Bilodeau v. The Queen
(June 30, 2014 – 2014 TCC 210, Jorré J.).
Précis: The taxpayer was convicted of fraud for amounts taken from her employer. CRA added $20,006 to her income for 2005 and $43,175 to her income for 2006 with respect to the amounts taken. In the Tax Court she disputed the quantum of the amounts she had taken. The Court made adjustments of $3,300 in 2005 and $11,560 in 2006. It sustained the imposition of penalties and the opening of statute barred years in light of her wilful fraud. Costs were awarded to the Crown.
Decision: This is a example of some of the factual difficulties associated with assessments of income derived from the proceeds of crime:
 The appellant worked as a controller for Hôtellerie CÉPAL from May 2005 to September 2006. She was responsible for CÉPAL’s accounting, and her duties were balancing the till, making accounting entries for sales, preparing deposits, paying suppliers and maintaining books and records.
 During that period, the appellant had drug and compulsive gambling problems.
 On May 28, 2008, the appellant pleaded guilty to a charge of fraud over $5,000 under the Criminal Code with regard to amounts taken from CÉPAL. The evidence does not show that there was agreement as to the amount of the fraud at the criminal proceedings stage.
 The respondent added $20,006 for 2005 and $43,175 for 2006 to the appellant’s income. According to the respondent, these are amounts that the appellant had taken from CÉPAL in 2005 and 2006. The respondent imposed penalties under subsection 163(2) of the Income Tax Act.
 The assessment for the 2005 taxation year was made after the normal reassessment period.
 The appellant does not dispute that she appropriated money belonging to CÉPAL and admits that amounts totalling $13,804 were taken in 2006. However, she disputes the amounts added for 2006 beyond $13,804 as well as all of the amounts added for 2005.
 Therefore, this is a quantum issue; it is not disputed that the stolen amounts are taxable.
 The difficulty in this case is that, on the one hand, the appellant has not kept separate accounting records of the amounts that she appropriated and, on the other hand, given that the amounts taken were not recorded as such in CÉPAL’s accounts, someone needed to try to analyze CÉPAL’s accounts to determine the amounts that the appellant had stolen from the company.
In the course of quite a lengthy decision (115 paragraphs) the Court dealt with multiple arguments by the taxpayer in her effort to lessen the amount of the income inclusion. These were, for the most part, unsuccessful. Similarly her arguments that the 2005 taxation year was statute-barred and against the imposition of gross negligence penalties were not accepted:
Assessment outside reassessment period and penalties under subsection 163(2) of the Income Tax Act.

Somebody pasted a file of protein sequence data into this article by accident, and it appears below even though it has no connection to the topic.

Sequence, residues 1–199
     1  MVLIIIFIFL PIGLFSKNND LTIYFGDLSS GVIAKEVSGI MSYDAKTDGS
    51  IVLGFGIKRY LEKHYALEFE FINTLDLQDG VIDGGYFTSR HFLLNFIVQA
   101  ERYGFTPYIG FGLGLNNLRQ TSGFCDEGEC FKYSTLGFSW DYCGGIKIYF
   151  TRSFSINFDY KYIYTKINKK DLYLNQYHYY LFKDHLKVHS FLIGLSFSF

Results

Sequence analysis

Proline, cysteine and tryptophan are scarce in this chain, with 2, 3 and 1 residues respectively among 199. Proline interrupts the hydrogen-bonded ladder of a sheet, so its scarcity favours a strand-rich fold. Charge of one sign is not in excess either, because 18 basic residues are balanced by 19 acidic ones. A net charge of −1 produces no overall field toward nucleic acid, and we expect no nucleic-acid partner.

The assessment for the 2005 taxation year was made outside of the normal reassessment period. There is no doubt that the Minister validly assessed with respect to 2005 under subparagraph 152(4)(a)(i) of the Act, which sets out two conditions with regard to assessments outside the normal reassessment period:
(a) the taxpayer has made a misrepresentation
(b) attributable to neglect, carelessness or wilful default.
 With regard to the first condition, there is a misrepresentation because the appellant failed to report substantial amounts of income in 2005.
 As for the second condition, the amounts involved are significant and, in light of the evidence, it is impossible to find that the appellant did not know that she had stolen the amounts in question. Accordingly, there was a wilful default.
 With regard to the penalties for gross negligence set out in subsection 163(2) of the Act, which were imposed for both years, there are two conditions:
(a) the taxpayer has made a false statement or omission
(b) knowingly, or under circumstances amounting to gross negligence.
 With regard to the first condition, there can be no doubt that there was a false statement or omission as the appellant failed to report substantial amounts of income.
 With regard to the second condition, the amounts in question are significant and the appellant knew that she had stolen them from her employer. In these circumstances, the omission was made knowingly.
 In conclusion, limited adjustments should be made to the assessments. These adjustments are as follows:
(a) For 2005, the appellant’s income should be reduced by $2,500 to take into account the discrepancy resulting from traveller’s cheques.
(b) For 2005, the appellant’s income should be reduced by $800 to take into account additional cash deposits.
(c) For 2006, the appellant’s income should be reduced by $9,060 to take into account the impact of cashing Sylvain’s paycheques.
(d) For 2006, the appellant’s income should be reduced by $2,500 to take into account traveller’s cheques.
 With respect to costs, given that the result is much more favourable to the respondent than to the appellant, the appellant shall pay the respondent’s costs in accordance with the Tariff.